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The following is longtime Goldmine contributor Martin Popoff’s list of what he feels are the top 20 songs from The Who. We’ve noticed, by proxy, many big Who songs not included, but his arguments for these particular tracks are compelling enough. If not, time to smash some guitars!
Pretty, poppy early Who, “Sad About Us” hails from second album A Quick One and is a wistful and mature song for a band that were pretty much young punks when this responsibility-shirker of a home-wrecking record came out in 1966. One-half the reason I love this song so much is because The Jam covered it. But more so, it’s the deeper connections with Mod culture while moving away from old rock and roll or R&B. It’s in fact one of the band’s most covered songs and it’s a real stitch-up on both The Beatles and The Beach Boys, with Pete Townshend moving forward quickly like we knew he would.
19. “The Dirty Jobs”
So many Quadrophenia songs came close but they were generally just edged out — it’s an album of such even high quality but not standout songs one at a time. This one’s got the ensemble playing, with Keith Moon drumming a lot and Roger Daltrey bellowing, but also synths and strings and a certain resigned melancholy to the melody, perfect for the lyric, which is about having to take crap jobs. Augmenting the grousing are gorgeous steel guitar sounds on the break. In the end, this one presents itself like a Who Are You song, more ’78 rather than ’73.
I love the mix of garage rock, hepped-up snare on every beat and sweet harmonies on this Byrdsy song. It’s an anthem, which is ironic given how delicate it is. It’s a Kinks song as far as I’m concerned, which is high praise, because I much prefer The Kinks in the ‘60s to The Who in the ‘60s. From the My Generation debut, “The Kids Are Alright” wasn’t issued as a single until months after the album came out. It’s now considered part of Mod culture DNA.
17. “Happy Jack”
Even more Kinks in terms of pomp and circus pants, “Happy Jack” is goofy and giddy, featuring everybody singing except Keith, who distinguishes himself with a good dose of crazy-man drumming. It’s famed for the “I saw you!” from Pete that can be heard at the end. This was directed at Keith, who was trying to weasel his way into the vocal on the song. As a side note, it’s cool how the whole premise about sleeping on the beach links to Quadrophenia. But yes, my favorite thing about this is the establishment of the regal and formal British thing in terms of music structure and chord sequence that Pete would revisit regularly.
I have to take this opportunity to explain that my inclusion of “Bargain” feels like a placeholder for the conspicuous absence of any tracks from Tommy. Indeed the song actually represents Tommy in some manner because the idea here is to celebrate that ragged separateness of the four personalities in The Who, exquisitely smashed together as a sort of drunken winner of a three-legged race or sack race, or even an egg-on-spoon race. For 1971, Who’s Next is sod-bustingly and robustly recorded, with Keith captured exquisitely. Roger and John and Pete do their thing as well, and then at the lyrical end, we get a cool sort of double meaning: those who have ears might hear a love song, even though Pete was really talking about becoming one with God. But really, more than anything, it’s one of a trinity with “Baba O’Riley” and “Won’t Get Fooled Again” in aggressive construction of a record that is considered the greatest Who album of all time.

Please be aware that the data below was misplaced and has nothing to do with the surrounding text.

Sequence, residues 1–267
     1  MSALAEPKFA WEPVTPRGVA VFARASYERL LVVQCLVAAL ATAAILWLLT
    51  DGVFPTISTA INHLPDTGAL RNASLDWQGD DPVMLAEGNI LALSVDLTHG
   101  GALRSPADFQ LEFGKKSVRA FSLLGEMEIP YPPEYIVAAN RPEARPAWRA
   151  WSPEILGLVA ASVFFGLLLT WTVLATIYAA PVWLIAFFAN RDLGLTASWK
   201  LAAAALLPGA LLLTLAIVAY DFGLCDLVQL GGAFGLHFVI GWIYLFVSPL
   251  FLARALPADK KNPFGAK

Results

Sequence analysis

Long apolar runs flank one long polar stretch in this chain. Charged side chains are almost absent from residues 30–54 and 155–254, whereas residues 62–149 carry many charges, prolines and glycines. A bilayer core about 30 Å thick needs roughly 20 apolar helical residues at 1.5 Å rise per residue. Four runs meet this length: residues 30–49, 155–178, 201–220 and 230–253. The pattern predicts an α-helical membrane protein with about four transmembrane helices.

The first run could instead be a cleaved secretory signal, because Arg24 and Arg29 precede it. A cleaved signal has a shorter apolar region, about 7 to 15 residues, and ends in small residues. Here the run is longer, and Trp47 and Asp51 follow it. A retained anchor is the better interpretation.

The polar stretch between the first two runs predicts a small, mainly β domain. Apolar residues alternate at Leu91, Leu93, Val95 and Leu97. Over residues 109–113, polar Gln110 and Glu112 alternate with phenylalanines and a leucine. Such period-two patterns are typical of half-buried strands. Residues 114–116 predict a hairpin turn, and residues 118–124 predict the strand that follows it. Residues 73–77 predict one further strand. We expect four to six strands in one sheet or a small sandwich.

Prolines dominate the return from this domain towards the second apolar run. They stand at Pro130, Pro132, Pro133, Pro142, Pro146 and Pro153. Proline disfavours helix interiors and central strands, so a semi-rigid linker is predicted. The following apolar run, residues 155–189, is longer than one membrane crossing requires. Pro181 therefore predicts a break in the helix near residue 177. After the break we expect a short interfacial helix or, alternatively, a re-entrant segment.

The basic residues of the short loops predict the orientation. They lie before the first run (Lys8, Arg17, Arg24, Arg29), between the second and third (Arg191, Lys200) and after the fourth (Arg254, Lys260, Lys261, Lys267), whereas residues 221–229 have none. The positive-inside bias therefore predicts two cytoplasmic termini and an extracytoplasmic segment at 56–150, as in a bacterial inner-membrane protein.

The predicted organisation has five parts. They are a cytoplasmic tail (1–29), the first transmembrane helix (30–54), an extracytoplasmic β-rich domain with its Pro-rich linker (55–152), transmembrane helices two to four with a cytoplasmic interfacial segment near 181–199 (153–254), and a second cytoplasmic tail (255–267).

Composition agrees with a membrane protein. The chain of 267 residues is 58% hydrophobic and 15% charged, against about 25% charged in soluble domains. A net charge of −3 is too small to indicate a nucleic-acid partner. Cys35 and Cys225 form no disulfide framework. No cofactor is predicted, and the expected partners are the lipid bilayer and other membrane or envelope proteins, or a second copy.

15. “Blue Red and Grey”
You would think the second most-played song on Spotify off of the slightly overlooked The Who by Numbers album would be “Slip Kid,” but it’s actually this song, with “Squeeze Box” far in the lead. Any day listening to Pete sing is a good day — he’s the band’s Randy Bachman to Roger Daltrey’s Fred Turner — and as bonus we get Pete on ukulele with horn arrangement by John Entwistle mixed way back. To my mind, this is the start of the hallowed trinity Townshend gave us with Empty Glass, All the Best Cowboys Have Chinese Eyes and White City. Pete says it’s about nothing, but the message that falls out of it seems to be about clarity through sobriety.
This is the first track on a Who album I love to death, 2006’s Endless Wire. It’s a baffling record in composite, and “Fragments” is an enigma that serves as a microcosm of the confusion to come. There’s echoes of “Baba O’Riley” along with progginess and rule-breaking when it comes to song structure. But it eventually breaks into a full-band song with Roger singing tenderly and one of the most magic moments across the entire Who catalog coming with the “snowflakes falling” passage. It’s a beautiful, panoramic, ambitious opening to a record that is hard to understand and thus open to dismissal.
13. “All This Music Must Fade”